Chris Voss: Five Negotiation Tips You Can Learn from an FBI Hostage Negotiator

Chris Voss

Join Thousands of CEOs Getting Free Daily Business Coaching Videos

Want practical tips, strategies and ideas that our clients use to scale their businesses?  We invite you to sign up for our free daily business coaching videos where you’ll get in-the-trenches insights that drive huge results.  Click here to sign up.

Business negotiation can be cutthroat, but there are things you can do to gain the advantage every time… And these tips work across industries and encounters of all kinds.

Chris Voss didn’t start out like your average businessman. His success comes courtesy of his former life as a FBI negotiator – with a lot of experience in high-stakes situations. Chris was an essential agent and a lead negotiator in international kidnapping cases.

Once retired from government work, he applied his masterful negotiation tactics to the business world. More than 20 years in the Bureau helped him understand the subtleties of keeping cool under pressure, and taught him how to talk to all sorts of people.

After resolving many successful hostage negotiations and continuously honing his skills, Chris Voss came to the conclusion that you have to negotiate like your life depends on it – a motto that inspired the title of his book, Never Split the Difference: Negotiating As If Your Life Depended on It.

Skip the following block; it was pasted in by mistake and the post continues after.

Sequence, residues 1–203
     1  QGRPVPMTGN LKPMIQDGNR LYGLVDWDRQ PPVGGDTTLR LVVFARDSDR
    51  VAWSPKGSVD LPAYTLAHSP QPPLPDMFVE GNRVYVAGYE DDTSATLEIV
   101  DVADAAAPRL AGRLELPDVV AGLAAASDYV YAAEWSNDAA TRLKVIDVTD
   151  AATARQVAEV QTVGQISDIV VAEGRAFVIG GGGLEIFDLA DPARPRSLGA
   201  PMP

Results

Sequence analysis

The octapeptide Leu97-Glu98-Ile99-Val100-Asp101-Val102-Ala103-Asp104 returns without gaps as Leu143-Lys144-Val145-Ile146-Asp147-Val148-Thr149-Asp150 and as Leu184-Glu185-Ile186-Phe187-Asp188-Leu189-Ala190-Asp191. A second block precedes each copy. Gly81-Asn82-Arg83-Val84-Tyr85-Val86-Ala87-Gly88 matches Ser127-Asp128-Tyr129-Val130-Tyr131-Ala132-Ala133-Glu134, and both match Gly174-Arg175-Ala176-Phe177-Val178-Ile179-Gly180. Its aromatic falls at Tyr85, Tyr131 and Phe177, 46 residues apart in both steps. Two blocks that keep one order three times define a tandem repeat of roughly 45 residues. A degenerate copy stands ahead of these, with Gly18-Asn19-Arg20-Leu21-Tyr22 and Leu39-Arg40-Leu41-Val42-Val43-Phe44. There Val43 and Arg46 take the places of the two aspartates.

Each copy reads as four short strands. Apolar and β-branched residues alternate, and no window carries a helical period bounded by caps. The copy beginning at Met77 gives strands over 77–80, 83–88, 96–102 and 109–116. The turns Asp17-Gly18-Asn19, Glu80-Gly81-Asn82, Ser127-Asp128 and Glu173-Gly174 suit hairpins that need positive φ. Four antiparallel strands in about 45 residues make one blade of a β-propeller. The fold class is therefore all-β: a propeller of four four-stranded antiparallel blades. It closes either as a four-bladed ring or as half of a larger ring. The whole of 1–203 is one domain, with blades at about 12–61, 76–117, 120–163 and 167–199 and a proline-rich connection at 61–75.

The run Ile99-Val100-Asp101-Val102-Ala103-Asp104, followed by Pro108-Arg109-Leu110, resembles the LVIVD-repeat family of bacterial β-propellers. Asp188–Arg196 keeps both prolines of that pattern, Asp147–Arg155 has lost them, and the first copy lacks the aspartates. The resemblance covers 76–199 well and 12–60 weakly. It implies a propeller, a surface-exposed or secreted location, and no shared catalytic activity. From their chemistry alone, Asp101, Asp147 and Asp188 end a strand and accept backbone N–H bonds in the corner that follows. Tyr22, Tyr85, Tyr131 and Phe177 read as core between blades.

Chris Voss understands the art of the deal better than anyone, and you probably know by now how difficult it is to prepare for negotiations. No negotiation is the same as the one before, yet mastering the art is essential if you want your business to thrive. These negotiation tips from a foremost expert should help you succeed.

Negotiation Tip #1 – Use Selective Word Mirroring

Negotiation is about more than controlling the situation. It’s also about rapport… And the fastest way to build rapport is using selective word mirroring. This is a simple technique that involves repeating specific words.

The next time you have to negotiate, try repeating one to three of the last words the other side uses. Do this often in the beginning. It shows that you’re willing to establish a connection, and it makes the other person feel safer and more comfortable.

Be careful with your tone of voice too. Voss likes to use a specific type of voice he calls “late night FM DJ voice.” Understand that it’s not about agreeing with the other side, even if it sounds like that. When you repeat their words, do so with an upward inflection, as you would pose a question.

This can slow down the pace of the negotiation in your favor and give you time to think things over.

Negotiation Tip #2 – EQ is More Important Than IQ

The emotional quotient (or emotional intelligence) you bring to bear in a situation often outweighs logic. You can’t always cut feelings out of the equation. Most neurological research also indicates the same. So, your EQ needs to be high when entering a negotiation.

People often let their emotions influence their decisions, especially negative emotions. If you have a high EQ, you have a better chance of knowing how to address a situation. Understand that those negotiating from a position of weakness may be more emotional.